• by AmiMoJo ( 196126 ) *

              1000 guesses per second is way below what modern hardware is capable of. Have a look here: http://golubev.com/gpuest.htm [golubev.com]

              Even older GPUs can manage tens of millions of guesses per second.

              • by u38cg ( 607297 )
                One can generate guesses at any rate, but it depends entirely on the encryption scheme how quickly you can test them. And I would point out that 10^100 is a little bit more entropy than a typical password of ~100^10 characters.
            • by Kjella ( 173770 )

              Actually if you "stick to the story" there's only 50 dollar bills to choose from and once chosen it's eliminated from the set so 50*49*48*.... = 3*10^64 combinations. Less if any of the bills have identical last digits, which is likely due to the birthday paradox. And if they were just counted and put in an evidence bag most the bills are in the right order. If they count the ones, either in order or reverse order and the only thing you need to figure out is where a few fivers or tens go that's cryptologica

              • by u38cg ( 607297 )
                There are 50! possible passwords formed by the bills, yes. I admit that this makes a massive difference to my analysis: now you're talking on the order of 10^53 years. Ramp it up to a trillion guesses a second and you're down to 10^44 years. As for the practicalities, it's not perfect, but it is at least plausible, and I struggle to see that you're going to prove that the pile is as-found.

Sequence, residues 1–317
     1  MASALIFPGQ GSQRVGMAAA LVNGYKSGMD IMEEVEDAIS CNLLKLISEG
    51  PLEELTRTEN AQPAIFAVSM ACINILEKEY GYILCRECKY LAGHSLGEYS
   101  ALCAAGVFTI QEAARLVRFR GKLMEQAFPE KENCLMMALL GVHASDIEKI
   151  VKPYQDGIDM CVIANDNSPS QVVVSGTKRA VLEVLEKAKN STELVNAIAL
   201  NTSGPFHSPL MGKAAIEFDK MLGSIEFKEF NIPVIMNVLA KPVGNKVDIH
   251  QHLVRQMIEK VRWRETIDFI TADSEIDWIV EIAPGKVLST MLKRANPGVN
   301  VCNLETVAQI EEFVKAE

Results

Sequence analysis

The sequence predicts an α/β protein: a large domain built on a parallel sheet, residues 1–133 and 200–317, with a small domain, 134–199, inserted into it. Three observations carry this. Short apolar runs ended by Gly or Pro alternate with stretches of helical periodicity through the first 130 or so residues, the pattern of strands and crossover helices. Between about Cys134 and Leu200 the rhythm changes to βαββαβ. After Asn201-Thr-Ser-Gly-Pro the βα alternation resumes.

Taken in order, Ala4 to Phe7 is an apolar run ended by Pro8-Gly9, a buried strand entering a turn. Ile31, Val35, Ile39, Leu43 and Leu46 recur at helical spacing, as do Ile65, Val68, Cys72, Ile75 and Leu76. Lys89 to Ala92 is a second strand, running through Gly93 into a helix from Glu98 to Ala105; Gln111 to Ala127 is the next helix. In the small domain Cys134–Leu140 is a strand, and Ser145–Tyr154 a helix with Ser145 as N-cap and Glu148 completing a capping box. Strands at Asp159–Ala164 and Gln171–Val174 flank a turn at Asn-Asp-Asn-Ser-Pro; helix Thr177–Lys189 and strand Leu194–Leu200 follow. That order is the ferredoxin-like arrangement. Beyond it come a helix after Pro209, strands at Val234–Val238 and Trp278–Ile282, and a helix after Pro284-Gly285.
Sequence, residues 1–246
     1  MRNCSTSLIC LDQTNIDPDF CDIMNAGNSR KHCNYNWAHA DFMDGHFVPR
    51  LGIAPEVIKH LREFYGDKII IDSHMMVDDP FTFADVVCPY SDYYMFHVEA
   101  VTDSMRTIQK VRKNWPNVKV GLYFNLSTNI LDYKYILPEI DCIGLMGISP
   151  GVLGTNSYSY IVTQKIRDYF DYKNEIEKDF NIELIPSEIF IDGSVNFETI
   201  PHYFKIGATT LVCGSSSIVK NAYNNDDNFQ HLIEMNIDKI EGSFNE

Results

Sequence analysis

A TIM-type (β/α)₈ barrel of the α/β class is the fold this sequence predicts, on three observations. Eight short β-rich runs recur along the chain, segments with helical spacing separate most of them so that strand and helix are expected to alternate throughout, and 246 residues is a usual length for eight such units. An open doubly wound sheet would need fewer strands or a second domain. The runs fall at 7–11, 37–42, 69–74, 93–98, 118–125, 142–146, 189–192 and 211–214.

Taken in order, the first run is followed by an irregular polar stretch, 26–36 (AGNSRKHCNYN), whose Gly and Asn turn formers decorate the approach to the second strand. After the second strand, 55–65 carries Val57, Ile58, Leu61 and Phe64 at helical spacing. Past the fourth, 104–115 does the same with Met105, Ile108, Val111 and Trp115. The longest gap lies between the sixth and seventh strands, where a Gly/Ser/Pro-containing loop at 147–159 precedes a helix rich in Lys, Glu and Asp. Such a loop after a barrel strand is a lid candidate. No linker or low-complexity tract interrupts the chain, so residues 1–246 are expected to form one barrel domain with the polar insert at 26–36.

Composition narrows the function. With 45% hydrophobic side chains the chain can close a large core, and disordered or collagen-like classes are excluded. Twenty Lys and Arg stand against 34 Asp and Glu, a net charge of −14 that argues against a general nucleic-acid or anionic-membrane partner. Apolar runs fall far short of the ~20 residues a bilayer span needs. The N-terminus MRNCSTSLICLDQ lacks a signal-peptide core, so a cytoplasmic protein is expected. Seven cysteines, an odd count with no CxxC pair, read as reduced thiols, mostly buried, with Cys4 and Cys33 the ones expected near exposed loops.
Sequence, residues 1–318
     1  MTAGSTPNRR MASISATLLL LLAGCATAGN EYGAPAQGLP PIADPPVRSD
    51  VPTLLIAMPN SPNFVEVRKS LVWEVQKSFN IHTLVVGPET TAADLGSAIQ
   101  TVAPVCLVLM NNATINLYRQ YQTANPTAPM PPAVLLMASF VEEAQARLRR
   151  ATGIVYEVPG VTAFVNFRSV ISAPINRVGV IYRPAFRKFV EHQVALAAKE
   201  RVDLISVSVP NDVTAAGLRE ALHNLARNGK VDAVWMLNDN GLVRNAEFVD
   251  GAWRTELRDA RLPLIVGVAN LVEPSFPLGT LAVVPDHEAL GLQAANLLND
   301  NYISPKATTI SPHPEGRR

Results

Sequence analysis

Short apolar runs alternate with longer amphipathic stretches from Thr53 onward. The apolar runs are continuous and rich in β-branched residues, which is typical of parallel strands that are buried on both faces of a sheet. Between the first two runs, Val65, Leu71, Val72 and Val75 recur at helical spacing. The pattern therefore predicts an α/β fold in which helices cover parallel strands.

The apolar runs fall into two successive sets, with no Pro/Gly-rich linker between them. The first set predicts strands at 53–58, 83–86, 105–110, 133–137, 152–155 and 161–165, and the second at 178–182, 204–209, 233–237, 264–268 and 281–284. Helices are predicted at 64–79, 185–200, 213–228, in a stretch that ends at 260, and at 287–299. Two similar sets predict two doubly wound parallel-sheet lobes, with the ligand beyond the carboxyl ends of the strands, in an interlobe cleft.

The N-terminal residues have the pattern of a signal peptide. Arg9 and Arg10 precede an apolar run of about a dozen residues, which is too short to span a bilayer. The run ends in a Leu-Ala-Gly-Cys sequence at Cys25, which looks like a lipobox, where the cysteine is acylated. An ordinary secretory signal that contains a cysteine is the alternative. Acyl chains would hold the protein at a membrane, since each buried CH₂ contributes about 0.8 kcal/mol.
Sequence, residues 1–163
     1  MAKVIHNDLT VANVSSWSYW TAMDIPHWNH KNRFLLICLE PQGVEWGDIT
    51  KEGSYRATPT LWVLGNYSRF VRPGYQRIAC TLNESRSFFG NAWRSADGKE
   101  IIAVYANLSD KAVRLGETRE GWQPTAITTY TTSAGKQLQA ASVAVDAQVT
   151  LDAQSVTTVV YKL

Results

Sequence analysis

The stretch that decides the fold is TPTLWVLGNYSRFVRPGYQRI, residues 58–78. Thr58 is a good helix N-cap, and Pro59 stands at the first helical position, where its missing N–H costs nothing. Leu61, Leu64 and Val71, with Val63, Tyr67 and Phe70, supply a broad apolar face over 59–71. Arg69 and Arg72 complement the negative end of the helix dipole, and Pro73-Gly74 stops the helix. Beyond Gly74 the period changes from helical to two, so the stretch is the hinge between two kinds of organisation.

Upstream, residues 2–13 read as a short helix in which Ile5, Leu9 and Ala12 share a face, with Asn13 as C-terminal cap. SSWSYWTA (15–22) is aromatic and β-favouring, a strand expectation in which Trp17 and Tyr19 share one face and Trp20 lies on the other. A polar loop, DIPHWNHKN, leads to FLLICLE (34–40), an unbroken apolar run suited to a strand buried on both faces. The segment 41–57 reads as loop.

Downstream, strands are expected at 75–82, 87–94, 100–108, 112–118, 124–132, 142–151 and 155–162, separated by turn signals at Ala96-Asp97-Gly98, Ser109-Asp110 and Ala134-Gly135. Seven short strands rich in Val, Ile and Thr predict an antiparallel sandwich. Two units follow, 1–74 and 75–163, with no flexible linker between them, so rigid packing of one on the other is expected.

• by magarity ( 164372 ) on Monday October 13, 2014 @07:48PM (#48135937)

      You need to apply brute force to the operator

      That's why my password is "I'll never tell!"

      • Re: (Score:2, Funny)

        by Anonymous Coward

        Shit. Someone just hacked my /. account. Please give it back?

  • by mveloso ( 325617 ) on Monday October 13, 2014 @06:52PM (#48135511)

    Wow, going from 2000 to 327,661 iterations sounds like a big deal. Does that actually add any value, or is that like doing rot-13 a million times?

    • by exploder ( 196936 ) on Monday October 13, 2014 @07:01PM (#48135601) Homepage

      Wow, going from 2000 to 327,661 iterations sounds like a big deal. Does that actually add any value, or is that like doing rot-13 a million times?

      Any idiot knows you have to do it a million and one times.